Family structure and long-term care insurance purchase.


Journal Article

While it has long been assumed that family structure and potential sources of informal care play a large role in the purchase decisions for long-term care insurance (LTCI), current empirical evidence is inconclusive. Our study examines the relationship between family structure and LTCI purchase and addresses several major limitations of the prior literature by using a long panel of data and considering modern family relationships, such as the presence of stepchildren. We find that family structure characteristics from one's own generation, particularly about one's spouse, are associated with purchase, but that few family structure attributes from the younger generation have an influence. Family factors that may indicate future caregiver supply are negatively associated with purchase: having a coresidential child, signaling close proximity, and having a currently working spouse, signaling a healthy and able spouse, that long-term care planning has not occurred yet or that there is less need for asset protection afforded by LTCI. Dynamic factors, such as increasing wealth or turning 65, are associated with higher likelihood of LTCI purchase.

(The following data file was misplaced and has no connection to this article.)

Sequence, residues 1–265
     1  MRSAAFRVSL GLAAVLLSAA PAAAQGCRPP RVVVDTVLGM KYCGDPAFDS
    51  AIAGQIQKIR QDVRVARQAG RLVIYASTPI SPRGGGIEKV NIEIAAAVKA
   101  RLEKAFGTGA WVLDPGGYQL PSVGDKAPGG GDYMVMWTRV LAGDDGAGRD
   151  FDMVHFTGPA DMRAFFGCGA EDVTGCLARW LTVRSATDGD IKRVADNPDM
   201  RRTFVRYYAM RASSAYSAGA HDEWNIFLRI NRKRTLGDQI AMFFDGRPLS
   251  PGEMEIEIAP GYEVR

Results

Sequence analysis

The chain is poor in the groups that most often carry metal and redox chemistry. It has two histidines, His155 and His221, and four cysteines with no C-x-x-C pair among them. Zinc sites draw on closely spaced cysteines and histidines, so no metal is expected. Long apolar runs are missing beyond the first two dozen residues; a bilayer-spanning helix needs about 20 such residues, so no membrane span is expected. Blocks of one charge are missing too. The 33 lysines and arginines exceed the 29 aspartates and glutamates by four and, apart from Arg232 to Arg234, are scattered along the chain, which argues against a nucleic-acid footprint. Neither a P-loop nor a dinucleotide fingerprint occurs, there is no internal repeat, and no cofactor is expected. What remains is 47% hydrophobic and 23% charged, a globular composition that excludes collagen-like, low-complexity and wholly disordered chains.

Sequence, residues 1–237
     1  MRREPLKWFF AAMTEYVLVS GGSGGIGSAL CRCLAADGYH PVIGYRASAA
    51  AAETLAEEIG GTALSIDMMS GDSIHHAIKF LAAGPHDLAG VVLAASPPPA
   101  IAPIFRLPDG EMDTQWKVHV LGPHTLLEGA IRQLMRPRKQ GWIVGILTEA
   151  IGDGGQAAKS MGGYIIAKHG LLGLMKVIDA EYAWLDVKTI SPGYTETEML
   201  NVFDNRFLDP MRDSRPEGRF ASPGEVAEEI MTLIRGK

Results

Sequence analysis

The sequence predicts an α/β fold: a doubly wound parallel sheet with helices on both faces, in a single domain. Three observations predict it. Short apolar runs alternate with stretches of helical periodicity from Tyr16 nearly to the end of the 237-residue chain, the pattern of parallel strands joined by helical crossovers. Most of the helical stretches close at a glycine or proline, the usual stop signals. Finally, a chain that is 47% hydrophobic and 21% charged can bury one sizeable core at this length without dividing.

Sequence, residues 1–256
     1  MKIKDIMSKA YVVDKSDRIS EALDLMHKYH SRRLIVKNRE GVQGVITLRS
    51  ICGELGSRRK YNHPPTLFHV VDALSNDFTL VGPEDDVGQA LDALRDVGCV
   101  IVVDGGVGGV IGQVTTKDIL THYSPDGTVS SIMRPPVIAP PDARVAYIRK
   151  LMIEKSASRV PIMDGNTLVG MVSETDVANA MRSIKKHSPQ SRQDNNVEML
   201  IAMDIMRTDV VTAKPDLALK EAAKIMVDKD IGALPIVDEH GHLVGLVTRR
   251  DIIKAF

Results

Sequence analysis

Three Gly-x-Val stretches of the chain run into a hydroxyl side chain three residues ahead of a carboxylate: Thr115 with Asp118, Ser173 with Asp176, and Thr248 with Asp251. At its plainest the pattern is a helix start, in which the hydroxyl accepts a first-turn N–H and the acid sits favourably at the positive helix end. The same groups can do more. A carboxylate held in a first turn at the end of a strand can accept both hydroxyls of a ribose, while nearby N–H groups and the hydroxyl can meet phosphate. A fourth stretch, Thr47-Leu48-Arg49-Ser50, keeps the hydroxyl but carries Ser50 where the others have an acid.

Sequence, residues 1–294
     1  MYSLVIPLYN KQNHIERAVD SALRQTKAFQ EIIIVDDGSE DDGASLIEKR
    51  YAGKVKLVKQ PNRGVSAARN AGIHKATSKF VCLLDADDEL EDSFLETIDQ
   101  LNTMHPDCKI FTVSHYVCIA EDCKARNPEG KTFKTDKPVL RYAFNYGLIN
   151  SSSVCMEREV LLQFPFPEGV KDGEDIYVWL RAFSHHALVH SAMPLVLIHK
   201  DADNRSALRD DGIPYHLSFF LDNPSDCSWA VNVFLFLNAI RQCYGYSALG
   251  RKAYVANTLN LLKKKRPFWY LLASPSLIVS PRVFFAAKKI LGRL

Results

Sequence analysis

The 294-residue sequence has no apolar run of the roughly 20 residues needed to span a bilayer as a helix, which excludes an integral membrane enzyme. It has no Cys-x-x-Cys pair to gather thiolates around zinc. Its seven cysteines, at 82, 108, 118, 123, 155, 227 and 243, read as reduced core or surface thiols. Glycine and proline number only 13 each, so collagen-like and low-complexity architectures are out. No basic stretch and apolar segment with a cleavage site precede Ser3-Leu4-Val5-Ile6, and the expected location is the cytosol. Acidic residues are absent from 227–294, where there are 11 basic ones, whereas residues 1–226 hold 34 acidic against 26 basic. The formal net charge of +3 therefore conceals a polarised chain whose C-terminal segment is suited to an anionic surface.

Full Text

Duke Authors

Cited Authors

  • Van Houtven, CH; Coe, NB; Konetzka, RT

Published Date

  • March 2015

Published In

Volume / Issue

  • 24 Suppl 1 /

Start / End Page

  • 58 - 73

PubMed ID

  • 25760583

Pubmed Central ID

  • 25760583

Electronic International Standard Serial Number (EISSN)

  • 1099-1050

Digital Object Identifier (DOI)

  • 10.1002/hec.3145


  • eng

Conference Location

  • England